Do Masks Really Lower Risk of Catching COVID-19 During Flights?
As airlines are looking to bring back passengers, safety concerns have been a major topic of discussion. Airlines have implemented several measures to create a safer environment for passengers. There are new cleaning procedures, temperature checks in some instances, empty middle seats until recently at most airlines, and then obviously masks.
Now a new study shows whether wearing a mask on a flight really lowers your chances of getting infected with COVID-19. The new evidence comes mostly from Hong Kong, where health officials have done a great job at testing and tracking all passengers. So they have a good idea which passengers boarded the plane while already infected with the virus and whether they could have infected anyone else on the plane. The study focused mainly on one airline, Emirates.
Emirates introduced its mask requirement back in April. It requires passengers and crew members to wear masks as much as possible, throughout the entire flight. And, flight attendants do a good job at enforcing the rules.
David O. Freedman, an infectious disease doctor at the University of Alabama at Birmingham and his colleagues, looked at all Emirates flights from Dubai to Hong Kong between June 16 and July 5. During those three weeks, there were five flights with seven or more infected passengers on each flight. Yet, none of the other 1,500 to 2,000 passengers were infected. Freedman and his colleague found several other high-risk flights with no transmission, which they say would be impossible without masks.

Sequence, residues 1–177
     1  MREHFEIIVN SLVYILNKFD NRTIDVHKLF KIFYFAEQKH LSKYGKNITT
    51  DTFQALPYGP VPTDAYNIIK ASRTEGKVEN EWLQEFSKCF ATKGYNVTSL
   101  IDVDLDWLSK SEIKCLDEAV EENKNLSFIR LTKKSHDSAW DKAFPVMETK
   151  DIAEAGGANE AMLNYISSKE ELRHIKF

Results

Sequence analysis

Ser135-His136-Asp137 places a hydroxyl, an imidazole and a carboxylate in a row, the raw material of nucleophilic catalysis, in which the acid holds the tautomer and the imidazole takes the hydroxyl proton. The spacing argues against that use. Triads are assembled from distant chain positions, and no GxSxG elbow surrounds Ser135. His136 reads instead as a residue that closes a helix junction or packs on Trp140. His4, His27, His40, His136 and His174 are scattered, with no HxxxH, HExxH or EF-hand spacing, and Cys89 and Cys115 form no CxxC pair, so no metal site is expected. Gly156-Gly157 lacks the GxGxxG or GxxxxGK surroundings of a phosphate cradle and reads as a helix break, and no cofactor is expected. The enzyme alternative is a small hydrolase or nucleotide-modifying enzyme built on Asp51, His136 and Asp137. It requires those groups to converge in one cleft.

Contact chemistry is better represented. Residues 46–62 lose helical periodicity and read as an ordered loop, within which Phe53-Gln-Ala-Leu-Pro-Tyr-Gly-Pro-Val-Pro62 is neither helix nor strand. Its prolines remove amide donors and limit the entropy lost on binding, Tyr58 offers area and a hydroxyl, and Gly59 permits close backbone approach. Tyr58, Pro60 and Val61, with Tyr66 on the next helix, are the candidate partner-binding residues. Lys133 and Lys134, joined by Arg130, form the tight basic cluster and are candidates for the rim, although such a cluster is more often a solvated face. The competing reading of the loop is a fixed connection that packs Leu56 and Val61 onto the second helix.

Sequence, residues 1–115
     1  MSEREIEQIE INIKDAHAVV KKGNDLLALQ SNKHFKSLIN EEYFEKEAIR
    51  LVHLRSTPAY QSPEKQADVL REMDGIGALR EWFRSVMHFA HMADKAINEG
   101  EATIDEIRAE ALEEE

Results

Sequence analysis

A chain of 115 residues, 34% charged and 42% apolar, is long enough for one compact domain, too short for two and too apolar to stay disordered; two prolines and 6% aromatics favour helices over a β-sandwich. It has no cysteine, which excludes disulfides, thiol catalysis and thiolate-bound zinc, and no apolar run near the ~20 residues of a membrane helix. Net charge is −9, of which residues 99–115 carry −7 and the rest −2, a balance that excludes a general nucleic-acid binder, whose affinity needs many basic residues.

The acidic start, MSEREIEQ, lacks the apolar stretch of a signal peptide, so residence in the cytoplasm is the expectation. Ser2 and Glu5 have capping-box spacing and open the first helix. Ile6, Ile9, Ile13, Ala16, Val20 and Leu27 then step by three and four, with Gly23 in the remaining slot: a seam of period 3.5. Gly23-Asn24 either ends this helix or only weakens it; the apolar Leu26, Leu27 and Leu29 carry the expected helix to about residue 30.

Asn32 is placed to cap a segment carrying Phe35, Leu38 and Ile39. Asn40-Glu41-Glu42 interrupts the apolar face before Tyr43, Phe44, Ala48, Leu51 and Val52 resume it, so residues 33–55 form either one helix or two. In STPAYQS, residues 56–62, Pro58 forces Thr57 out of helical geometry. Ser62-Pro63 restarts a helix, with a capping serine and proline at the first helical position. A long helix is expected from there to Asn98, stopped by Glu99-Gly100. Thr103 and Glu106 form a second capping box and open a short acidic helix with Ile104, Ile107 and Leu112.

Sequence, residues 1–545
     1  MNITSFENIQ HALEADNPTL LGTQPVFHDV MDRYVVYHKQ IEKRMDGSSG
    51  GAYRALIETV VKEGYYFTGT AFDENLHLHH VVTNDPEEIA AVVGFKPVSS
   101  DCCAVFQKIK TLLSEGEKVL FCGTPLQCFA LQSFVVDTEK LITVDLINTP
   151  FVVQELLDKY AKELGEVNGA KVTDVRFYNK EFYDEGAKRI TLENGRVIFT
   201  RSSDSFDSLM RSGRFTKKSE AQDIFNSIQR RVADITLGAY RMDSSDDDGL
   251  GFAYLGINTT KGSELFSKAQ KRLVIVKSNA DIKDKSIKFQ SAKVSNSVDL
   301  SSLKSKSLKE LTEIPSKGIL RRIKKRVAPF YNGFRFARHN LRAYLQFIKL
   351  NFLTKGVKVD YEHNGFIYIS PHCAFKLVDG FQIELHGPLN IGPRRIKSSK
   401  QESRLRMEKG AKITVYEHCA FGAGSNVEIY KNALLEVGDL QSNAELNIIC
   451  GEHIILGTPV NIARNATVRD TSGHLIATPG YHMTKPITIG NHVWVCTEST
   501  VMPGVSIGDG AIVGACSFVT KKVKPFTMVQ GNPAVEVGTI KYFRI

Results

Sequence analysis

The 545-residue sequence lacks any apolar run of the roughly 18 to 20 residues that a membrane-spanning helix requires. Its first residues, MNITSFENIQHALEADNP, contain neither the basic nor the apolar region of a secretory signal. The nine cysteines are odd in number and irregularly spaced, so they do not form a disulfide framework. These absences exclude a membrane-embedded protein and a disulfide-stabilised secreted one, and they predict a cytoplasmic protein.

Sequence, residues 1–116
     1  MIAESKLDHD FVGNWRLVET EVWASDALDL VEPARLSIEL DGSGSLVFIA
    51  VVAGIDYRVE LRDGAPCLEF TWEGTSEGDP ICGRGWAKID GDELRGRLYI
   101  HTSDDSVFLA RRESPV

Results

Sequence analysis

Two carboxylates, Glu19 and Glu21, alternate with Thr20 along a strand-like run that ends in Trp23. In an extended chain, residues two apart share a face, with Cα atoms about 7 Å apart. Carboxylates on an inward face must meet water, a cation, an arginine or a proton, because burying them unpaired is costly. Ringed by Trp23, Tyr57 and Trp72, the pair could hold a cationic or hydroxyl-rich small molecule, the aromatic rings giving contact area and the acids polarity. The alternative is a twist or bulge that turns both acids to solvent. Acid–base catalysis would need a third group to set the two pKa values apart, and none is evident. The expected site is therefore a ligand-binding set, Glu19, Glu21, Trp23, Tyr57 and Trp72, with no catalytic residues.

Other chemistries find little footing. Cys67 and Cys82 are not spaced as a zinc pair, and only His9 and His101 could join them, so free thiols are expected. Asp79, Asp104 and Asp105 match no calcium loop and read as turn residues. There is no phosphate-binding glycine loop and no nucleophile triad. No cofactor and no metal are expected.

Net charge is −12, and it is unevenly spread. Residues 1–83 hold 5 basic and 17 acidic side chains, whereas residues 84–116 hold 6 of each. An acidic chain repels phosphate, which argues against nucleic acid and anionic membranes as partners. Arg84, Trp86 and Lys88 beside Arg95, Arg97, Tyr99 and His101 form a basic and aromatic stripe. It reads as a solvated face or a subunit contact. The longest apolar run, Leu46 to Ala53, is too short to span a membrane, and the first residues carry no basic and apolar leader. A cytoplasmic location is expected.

A case from back in March, before airlines started requiring masks, shows the difference. A Vietnamese businesswoman with a sore throat and a cough boarded a flight in London. Ten hours later, she landed in Hanoi, Vietnam. She infected 15 people on the flight, including more than half of the passengers sitting with her in business class, NPR reports.
In fact, since airlines have made masks mandatory, Freedman says, scientists have not documented one superspreading event on airlines. Even though planes are a closed space with hundreds of people, they have excellent air ventilation and filtration systems. These systems remove coronavirus particles from the air about every six minutes, the U.S. Transportation Command reported last Thursday. You can only breathe the virus in if the particles pass by you before going through that ventilation system. That only happens if you’re sitting close to the person who’s sick. The risk is lower when that person wears a mask as much as possible.